I'm implementing my own class, with custom `__eq__`

. And I'd like to return `True`

for things that are not "equal" in a mathematical sense, but "match" in a fuzzy way.

An issue with this is, however, that this leads to loss of transitivity in a mathematical sense, i.e. `a == b && b ==c`

, while `a`

may not be equal to `c`

.

Question: is Python dependent on `__eq__`

being transitive? Will what I'm trying to do break things, or is it possible to do this as long as I'm careful myself not to assume transitivity?

## Use case

I want to match telephone numbers with one another, while those may be either formatted internationally, or just for domestic use (without a country code specified). If there's no country code specified, I'd like a number to be equal to a number with one, but if it is specified, it should only be equal to numbers with the same country-code, or without one.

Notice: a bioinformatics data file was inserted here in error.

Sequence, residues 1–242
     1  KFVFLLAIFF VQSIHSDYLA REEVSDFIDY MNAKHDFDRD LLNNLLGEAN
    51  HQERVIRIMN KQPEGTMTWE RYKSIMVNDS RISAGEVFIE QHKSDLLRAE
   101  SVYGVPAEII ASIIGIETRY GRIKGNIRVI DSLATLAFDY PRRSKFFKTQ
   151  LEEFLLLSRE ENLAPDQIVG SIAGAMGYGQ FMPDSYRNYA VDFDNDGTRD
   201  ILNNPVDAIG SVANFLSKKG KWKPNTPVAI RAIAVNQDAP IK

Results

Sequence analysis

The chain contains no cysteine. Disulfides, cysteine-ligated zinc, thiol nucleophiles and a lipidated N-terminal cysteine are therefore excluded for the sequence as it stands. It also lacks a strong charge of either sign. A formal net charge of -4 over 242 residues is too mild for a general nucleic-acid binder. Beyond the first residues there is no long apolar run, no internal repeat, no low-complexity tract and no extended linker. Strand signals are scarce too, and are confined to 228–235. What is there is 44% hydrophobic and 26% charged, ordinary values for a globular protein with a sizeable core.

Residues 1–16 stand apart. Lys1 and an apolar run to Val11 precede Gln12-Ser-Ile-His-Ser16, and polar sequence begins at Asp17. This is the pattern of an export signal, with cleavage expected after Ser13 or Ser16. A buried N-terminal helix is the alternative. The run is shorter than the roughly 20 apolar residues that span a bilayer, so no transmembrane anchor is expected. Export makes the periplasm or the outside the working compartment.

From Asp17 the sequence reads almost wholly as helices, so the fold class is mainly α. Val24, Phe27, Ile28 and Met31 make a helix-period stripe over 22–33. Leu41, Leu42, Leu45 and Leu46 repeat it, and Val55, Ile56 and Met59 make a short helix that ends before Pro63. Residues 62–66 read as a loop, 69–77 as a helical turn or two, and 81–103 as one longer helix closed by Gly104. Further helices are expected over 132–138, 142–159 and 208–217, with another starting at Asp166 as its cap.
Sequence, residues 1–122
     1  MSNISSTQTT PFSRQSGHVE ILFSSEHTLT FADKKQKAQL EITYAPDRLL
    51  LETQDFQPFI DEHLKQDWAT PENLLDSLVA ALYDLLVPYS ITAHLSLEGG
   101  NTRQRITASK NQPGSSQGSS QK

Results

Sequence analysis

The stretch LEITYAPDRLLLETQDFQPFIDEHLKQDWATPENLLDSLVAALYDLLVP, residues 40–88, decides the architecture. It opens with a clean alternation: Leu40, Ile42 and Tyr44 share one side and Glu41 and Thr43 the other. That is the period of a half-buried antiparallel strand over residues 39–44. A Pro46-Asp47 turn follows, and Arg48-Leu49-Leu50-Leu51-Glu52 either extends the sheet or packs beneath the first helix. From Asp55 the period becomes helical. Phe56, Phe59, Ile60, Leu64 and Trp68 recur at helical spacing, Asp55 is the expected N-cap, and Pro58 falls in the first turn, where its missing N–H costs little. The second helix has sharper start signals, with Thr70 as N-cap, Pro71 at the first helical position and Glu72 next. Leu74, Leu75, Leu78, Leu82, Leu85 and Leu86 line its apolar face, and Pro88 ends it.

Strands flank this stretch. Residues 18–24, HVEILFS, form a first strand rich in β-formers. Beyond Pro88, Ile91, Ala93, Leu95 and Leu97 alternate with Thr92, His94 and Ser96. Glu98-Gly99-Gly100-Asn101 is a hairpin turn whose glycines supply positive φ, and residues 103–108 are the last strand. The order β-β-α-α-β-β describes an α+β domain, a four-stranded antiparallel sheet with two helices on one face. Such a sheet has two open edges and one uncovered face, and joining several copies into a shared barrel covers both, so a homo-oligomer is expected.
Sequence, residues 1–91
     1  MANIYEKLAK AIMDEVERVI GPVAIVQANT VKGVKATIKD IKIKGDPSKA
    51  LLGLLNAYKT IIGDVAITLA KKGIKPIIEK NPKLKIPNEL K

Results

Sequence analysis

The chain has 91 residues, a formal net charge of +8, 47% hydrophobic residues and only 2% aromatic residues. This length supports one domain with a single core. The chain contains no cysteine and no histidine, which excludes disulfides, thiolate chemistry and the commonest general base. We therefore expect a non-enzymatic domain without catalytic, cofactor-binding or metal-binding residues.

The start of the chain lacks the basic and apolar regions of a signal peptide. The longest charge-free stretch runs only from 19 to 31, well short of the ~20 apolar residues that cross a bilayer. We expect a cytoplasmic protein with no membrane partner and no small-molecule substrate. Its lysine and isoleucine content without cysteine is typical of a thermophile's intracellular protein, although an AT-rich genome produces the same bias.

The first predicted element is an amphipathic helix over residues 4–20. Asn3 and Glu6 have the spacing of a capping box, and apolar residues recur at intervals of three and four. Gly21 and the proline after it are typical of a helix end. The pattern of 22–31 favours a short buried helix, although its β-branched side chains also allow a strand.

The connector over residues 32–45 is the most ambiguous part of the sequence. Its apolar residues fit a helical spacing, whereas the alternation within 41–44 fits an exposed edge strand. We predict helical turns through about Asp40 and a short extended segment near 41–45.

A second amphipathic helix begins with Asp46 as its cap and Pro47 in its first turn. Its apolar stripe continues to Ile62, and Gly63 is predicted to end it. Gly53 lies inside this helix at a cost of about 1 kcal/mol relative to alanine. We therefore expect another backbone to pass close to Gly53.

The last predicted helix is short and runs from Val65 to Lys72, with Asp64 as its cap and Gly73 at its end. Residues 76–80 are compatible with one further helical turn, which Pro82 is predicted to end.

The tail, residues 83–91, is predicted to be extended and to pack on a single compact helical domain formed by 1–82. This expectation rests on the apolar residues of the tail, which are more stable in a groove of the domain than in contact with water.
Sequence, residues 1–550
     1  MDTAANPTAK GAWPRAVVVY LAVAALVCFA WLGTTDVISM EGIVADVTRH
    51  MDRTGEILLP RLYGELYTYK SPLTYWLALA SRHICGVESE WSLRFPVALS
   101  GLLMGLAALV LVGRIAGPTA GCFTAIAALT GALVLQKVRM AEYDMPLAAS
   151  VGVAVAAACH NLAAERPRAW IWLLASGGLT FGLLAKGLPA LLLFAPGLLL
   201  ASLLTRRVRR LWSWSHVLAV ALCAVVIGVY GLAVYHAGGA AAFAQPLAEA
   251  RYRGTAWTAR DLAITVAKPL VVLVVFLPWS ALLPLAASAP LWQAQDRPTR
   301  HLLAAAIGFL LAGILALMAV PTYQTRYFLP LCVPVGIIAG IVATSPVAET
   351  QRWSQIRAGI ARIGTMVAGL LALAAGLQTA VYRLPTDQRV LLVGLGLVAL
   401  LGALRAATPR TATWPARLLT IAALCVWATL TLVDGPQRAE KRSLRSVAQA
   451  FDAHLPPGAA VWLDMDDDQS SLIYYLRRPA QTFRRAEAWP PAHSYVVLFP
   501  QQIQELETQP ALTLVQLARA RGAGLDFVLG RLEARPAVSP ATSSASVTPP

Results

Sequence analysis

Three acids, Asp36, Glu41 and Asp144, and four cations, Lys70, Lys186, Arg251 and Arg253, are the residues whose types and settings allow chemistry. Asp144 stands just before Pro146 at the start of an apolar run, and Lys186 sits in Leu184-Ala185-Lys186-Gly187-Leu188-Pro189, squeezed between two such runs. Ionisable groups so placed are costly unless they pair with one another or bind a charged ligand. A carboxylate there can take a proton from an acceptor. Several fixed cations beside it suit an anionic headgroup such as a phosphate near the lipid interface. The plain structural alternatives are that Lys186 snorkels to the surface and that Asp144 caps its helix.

So:

- Of course,
`+31 6 12345678`

should equal`+31 6 12345678`

, and`06 12345678`

should equal`06 12345678`

`+31 6 12345678`

should equal`06 12345678`

(and v.v.)`+49 6 12345678`

should equal`06 12345678`

(and v.v.)- But
`+31 6 12345678`

should not be equal to`+49 6 12345678`

Edit: I don't have a need for hashing (and so won't implement it), so that at least makes life easier.

your codemight, exactly in the kind of example you give: if`a == b == c`

may be true but`a == c`

may be false, then you'll need to be very careful with your conditionals.`a == b`

just calls your function`a.__eq__(b)`

. As other commentators pointed out, you can define that however you want, but you have to live with the consequences. Personally, I wouldn't go down the`__eq__`

route, but define another method like`fuzzy_match`

, especially since`__eq__`

in terms of string equality might still be useful in your case.3more comments